How would you respond if a neighbor began covering your property with a strange black mold? Once you stopped shouting expletives at him, you’d probably insist that he stop and clean up the damage he’s done. Now imagine that he refused, insisting that the government gave him permission to do it and the damage he’s doing to your property is your problem.
As crazy as that sounds, such arguments are routinely made. In Kentucky, for instance, homeowners near distilleries have noticed a mold growing on everything they own. It’s called “whisky fungus” and it is an unintended byproduct of distilling. In other words, it’s pollution.
As property owners are calling distilleries to account for the damage to their property, the companies are claiming that they can’t be held responsible because they have a federal pollution permit issued under the Clean Air Act. In effect, the companies are asserting that the federal permit eliminates its neighbors’ property rights.
If you own property, you have the right to enjoy it free of trespass or nuisances caused by your neighbors. Thus, under a property rights approach, this pollution problem is easy—the distilleries are violating their neighbors property rights and must stop and repair the damage or buy the rights from them.
Property rights have the added benefit of revealing whether the pollution is a net benefit or a net harm, through the price mechanism. If polluting is worth more to the distillery than it harms the property owner, they can negotiate a mutually beneficial deal that allows it to continue. But if the harm to the property owner is greater than the benefits to the distillery, the pollution will stop (as it should). Thus property rights are effective at regulating environmental impacts.
But what of the distillery’s argument that it has already had to go through a costly and time-consuming federal permit process. Some conservatives endorse the argument that the federal permit preempts property rights, viewing these pollution lawsuits as an additional burden on over-regulated businesses. And they do have a point. Obtaining a federal permit can be frightfully expensive. If it doesn’t shield you from lawsuits, what the hell is it for?
But eroding property rights is the wrong way to go. Modern environmental permitting arose from the perception that property rights are inadequate to prevent excessive environmental degradation. And, in some instances, that’s true. Property rights aren’t very effective at dealing with sources of pollution that distribute across a wide area. Imagine, for instance, addressing climate change by requiring every emitter of greenhouse gases to negotiate with every property owner in the world who would be affected.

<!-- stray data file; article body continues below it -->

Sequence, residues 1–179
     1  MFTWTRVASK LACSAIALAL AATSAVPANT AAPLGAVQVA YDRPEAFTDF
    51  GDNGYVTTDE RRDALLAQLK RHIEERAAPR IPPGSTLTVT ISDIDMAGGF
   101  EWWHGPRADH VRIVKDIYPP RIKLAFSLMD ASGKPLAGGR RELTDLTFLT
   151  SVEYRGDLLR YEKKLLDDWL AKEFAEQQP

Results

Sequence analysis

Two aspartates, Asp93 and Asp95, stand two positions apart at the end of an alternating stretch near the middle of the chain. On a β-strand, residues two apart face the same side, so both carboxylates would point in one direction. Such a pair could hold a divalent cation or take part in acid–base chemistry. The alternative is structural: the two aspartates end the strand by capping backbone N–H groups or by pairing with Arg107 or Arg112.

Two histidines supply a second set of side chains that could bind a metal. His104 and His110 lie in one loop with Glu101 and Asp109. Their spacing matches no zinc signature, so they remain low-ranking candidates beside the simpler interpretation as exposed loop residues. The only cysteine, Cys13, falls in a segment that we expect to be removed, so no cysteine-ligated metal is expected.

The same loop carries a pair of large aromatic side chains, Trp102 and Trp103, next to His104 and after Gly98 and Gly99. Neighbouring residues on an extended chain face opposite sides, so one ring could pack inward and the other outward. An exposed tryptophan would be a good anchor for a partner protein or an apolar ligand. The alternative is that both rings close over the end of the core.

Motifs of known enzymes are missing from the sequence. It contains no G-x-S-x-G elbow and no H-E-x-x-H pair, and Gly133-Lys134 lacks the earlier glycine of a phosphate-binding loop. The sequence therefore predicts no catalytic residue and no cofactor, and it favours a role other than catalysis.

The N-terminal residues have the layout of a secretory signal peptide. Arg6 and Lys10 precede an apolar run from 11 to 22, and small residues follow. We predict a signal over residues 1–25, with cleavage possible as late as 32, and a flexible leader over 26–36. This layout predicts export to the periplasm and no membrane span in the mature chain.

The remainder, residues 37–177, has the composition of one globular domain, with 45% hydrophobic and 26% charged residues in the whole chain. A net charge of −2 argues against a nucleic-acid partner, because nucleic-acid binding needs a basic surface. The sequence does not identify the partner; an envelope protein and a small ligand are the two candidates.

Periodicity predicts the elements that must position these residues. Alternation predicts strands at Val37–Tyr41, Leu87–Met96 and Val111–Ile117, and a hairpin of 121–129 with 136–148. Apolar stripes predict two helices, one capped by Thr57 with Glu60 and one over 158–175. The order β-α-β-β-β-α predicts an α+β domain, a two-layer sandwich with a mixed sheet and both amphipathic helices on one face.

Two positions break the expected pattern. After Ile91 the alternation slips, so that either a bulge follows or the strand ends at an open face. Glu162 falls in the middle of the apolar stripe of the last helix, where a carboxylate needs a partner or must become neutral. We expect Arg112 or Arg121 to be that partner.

But just because there are some cases where property rights may not be enough to solve the problem doesn’t mean that they should be thrown out entirely. For traditional pollution issues, property rights are extremely effective—more so than government regulation. In the whisky fungus case, for example, property rights can insure that beneficial pollution continues and harmful pollution stops because negotiation over those rights reveal prices. Government regulators don’t have access to the information needed to develop these prices, so they have to guess.
And property rights can be made more effective at addressing pollution through other reforms. Class action lawsuits, for instance, can enable property owners to join together to address pollution that affects each of them in small ways but adds up to a great deal. The government can improve or collect information about pollution sources and environmental impacts so that ordinary property owners can better defend their rights.
But what of the costs and time polluters have sunk into federal permits? Some of this is inevitable. Government regulation to address that pollution which property rights cannot should be designed to minimize these burdens as much as possible. But there will always be some cost.
The bigger problem, however, is that government permitting has strayed beyond the areas where it can effectively supplement property rights. Today, government regulators use the permitting process to address pollution problems that property rights can solve more effectively and cheaply. That adds extraordinarily to the costs and delays associated with permitting. The solution is not to sacrifice property rights to permits but to restore permitting to its proper role.